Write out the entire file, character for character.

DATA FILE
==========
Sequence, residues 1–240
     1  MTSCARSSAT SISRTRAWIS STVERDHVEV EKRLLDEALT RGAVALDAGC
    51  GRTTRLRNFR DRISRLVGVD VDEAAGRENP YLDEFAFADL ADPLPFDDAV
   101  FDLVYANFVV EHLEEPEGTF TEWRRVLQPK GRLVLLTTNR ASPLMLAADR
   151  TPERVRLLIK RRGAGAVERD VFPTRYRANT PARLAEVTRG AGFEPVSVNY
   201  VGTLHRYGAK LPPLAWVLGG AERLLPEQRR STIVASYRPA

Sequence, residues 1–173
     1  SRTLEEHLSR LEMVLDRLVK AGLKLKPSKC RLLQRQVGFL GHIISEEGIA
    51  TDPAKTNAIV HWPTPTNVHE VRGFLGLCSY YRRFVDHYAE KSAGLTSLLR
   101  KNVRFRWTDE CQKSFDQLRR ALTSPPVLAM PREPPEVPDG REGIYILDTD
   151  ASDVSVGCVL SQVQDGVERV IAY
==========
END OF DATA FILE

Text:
Sequence, residues 1–240
     1  MTSCARSSAT SISRTRAWIS STVERDHVEV EKRLLDEALT RGAVALDAGC
    51  GRTTRLRNFR DRISRLVGVD VDEAAGRENP YLDEFAFADL ADPLPFDDAV
   101  FDLVYANFVV EHLEEPEGTF TEWRRVLQPK GRLVLLTTNR ASPLMLAADR
   151  TPERVRLLIK RRGAGAVERD VFPTRYRANT PARLAEVTRG AGFEPVSVNY
   201  VGTLHRYGAK LPPLAWVLGG AERLLPEQRR STIVASYRPA

Sequence, residues 1–173
     1  SRTLEEHLSR LEMVLDRLVK AGLKLKPSKC RLLQRQVGFL GHIISEEGIA
    51  TDPAKTNAIV HWPTPTNVHE VRGFLGLCSY YRRFVDHYAE KSAGLTSLLR
   101  KNVRFRWTDE CQKSFDQLRR ALTSPPVLAM PREPPEVPDG REGIYILDTD
   151  ASDVSVGCVL SQVQDGVERV IAY